Masters students attend Climate Strike; administration announces excused absences for activism events

Michael Leo

After weeks of behind-the-scenes planning and meetings between administrators and students, administration granted Masters students the opportunity to be excused from school, on Friday, Sept. 20, to attend the Youth Climate Strike in New York City.

On Wednesday, Sept. 18 at 3 p.m., Interim Head of Upper School Peter Newcomb sent an email to the Upper School, announcing the postponement of all Founders Day activities in favor of allowing students to attend the Strike. Masters students were able to play a meaningful role in this historical event, without facing any penalty, other than making up the classwork they missed on the Friday.

 The thousands who attended begin in Foley Square and marched to Battery Park in protest of the inaction and lack of urgency surrounding the climate emergency. Greta Thunberg, a 16-year-old Swede and wunderkind in the world of environmental activism, lead the initiative. Thunberg has arrived in New York after a two-week sail from her home country as she did not want to burn fossil fuel to come speak at the United Nations Climate Change Summit.

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Newcomb’s announcement was made just over three weeks after Senior co-presidents of EFFECT Olivia Sharenow and Sophia Forstmann’s initial outreach to administration on Aug. 26. Following deliberation and meetings between the stakeholders on Sep. 10 and 18, they decided that this solution was the best way to support student activism while giving students the freedom to choose if they wish to participate in the march or attend class.

Newcomb, in connecting the Strike to the School’s mission statement said, “We want our students to be ‘powers-for-good’ in the world and this is a great opportunity for them to do so.”

For those who don’t wish to take the opportunity to strike, administration planned a number of on-campus activities focused on the issue of climate change.

Faculty advisor of EFFECT Courtney White said she is extremely satisfied with the result of the hard work put into creating this opportunity for environmental activism. She said, “I find it really admirable that students are finding ways to responsibly practice activism.”

White emphasized the ongoing relevance of climate action. She said, “It doesn’t just stop at the Climate March. What matters is the follow through.”

EFFECT is planning a week dedicated to climate activism to continue the efforts of the Strike, which will include letter-writing to Congress to push stricter legislation surrounding climate change and a trip to Columbia Law School to listen to experts speak about advocating for climate change policy.

Forstmann and Sharenow consider this a great victory for not only this climate strike, but for sustainability at Masters. Sharenow said, “Putting sustainability at the forefront of Masters and making it a part of our school culture is a big part of what we’re trying to do.”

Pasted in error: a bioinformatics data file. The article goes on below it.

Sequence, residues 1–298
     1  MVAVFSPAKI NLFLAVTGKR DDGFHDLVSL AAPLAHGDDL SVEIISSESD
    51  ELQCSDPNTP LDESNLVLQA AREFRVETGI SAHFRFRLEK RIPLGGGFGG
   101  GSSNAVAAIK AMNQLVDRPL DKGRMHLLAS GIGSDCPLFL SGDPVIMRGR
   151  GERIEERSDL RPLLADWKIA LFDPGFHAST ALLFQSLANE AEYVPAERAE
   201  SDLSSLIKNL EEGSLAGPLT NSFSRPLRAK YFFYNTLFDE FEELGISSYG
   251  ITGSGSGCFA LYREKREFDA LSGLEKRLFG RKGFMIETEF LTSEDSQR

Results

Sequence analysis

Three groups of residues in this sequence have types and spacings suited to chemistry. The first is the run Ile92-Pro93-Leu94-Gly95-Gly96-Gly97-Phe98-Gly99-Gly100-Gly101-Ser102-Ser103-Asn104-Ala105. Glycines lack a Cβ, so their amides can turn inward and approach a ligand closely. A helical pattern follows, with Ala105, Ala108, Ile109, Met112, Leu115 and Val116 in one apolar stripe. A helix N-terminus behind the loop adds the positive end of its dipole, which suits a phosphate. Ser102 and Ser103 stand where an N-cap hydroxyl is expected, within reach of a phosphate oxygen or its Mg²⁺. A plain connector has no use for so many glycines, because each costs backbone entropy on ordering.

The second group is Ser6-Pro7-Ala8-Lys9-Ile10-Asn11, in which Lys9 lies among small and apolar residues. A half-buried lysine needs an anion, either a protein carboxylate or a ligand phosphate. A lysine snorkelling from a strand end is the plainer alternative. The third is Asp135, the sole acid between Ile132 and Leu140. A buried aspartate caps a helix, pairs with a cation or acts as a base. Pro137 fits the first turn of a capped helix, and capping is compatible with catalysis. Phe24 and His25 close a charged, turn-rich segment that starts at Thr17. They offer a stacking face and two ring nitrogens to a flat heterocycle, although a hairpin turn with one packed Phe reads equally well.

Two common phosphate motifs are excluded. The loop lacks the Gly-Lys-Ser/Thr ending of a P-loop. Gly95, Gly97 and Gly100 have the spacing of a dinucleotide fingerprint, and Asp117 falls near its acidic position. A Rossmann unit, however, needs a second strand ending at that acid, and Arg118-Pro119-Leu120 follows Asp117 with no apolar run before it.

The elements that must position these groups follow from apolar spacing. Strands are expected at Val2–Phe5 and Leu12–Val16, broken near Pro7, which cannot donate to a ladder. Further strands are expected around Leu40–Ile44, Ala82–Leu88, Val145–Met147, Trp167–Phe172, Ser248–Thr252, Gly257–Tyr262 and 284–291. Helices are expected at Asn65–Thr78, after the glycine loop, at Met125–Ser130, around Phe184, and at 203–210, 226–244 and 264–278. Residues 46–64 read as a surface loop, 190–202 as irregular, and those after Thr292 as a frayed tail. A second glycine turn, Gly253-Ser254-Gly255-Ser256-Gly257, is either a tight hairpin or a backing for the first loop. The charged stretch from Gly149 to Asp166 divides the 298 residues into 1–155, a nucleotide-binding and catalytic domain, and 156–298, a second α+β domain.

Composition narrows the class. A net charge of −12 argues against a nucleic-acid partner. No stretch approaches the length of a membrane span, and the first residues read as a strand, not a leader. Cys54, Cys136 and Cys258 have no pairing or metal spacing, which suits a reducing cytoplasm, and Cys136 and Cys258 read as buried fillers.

Going forward, Head of School Laura Danforth and Interim Head of Upper School Peter Newcomb have both said they will excuse a student if they wished to attend a protest or strike for a cause in

which they deeply believe, as they did for the Climate Strike. 

As for any other broad policy, this privilege is not without conditions or intricacies. Head of School Laura Danforth said, “Even if it’s a cause that I as a leader and educator might not agree with, I have to keep that outside of my decision making. However, there is a difference between that [a cause she might not agree with] and supporting a cause towards hatred.”

Danforth was not hesitant to state the importance of events like the Climate Strike support the Masters Mission Statement. “We can’t just say we want our students to be ‘powers-for-good’ in the world. We can’t just talk the talk, we have to walk the walk,” she said.

Though missing class is always a concern for administrators, Interim Head of Upper School Peter Newcomb also said he believes strongly in giving students the freedom to practice activism in forms that are meaningful to them. “If we have a student who believes strongly in something and they have parental support, we want to do everything we can to support that as well,” Newcomb said.

Many other teachers acknowledged the importance of events like these, but also express some concerns over students missing important classwork–especially in classes with stricter curriculums, such as Advanced Placement (AP) classes. AP United States History teacher Colleen Roche said, “It is the student’s responsibility to make up work that they missed.” However she was excited for a future where these events could coincide well with her curriculum. “It could be very interesting to plan lessons around the marches with enough advance warning,” she said.

Many students at the strike still value their significance much more than that of one missed day of school. Lawrence Azzariti, one of the senior class presidents said, “We want to tell our grandkids about this when we are older–we want to tell them that we did something and that we were part of history.”